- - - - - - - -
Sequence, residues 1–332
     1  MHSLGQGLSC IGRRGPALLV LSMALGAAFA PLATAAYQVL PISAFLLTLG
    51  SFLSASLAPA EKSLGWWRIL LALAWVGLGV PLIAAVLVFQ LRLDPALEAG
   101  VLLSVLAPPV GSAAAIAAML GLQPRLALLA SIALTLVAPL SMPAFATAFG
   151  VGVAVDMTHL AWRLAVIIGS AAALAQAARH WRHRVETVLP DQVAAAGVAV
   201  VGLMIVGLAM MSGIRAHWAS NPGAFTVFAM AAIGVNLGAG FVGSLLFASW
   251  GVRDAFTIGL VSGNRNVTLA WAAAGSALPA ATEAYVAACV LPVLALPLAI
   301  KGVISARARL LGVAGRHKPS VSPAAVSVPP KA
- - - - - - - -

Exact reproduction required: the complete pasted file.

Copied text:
Sequence, residues 1–332
     1  MHSLGQGLSC IGRRGPALLV LSMALGAAFA PLATAAYQVL PISAFLLTLG
    51  SFLSASLAPA EKSLGWWRIL LALAWVGLGV PLIAAVLVFQ LRLDPALEAG
   101  VLLSVLAPPV GSAAAIAAML GLQPRLALLA SIALTLVAPL SMPAFATAFG
   151  VGVAVDMTHL AWRLAVIIGS AAALAQAARH WRHRVETVLP DQVAAAGVAV
   201  VGLMIVGLAM MSGIRAHWAS NPGAFTVFAM AAIGVNLGAG FVGSLLFASW
   251  GVRDAFTIGL VSGNRNVTLA WAAAGSALPA ATEAYVAACV LPVLALPLAI
   301  KGVISARARL LGVAGRHKPS VSPAAVSVPP KA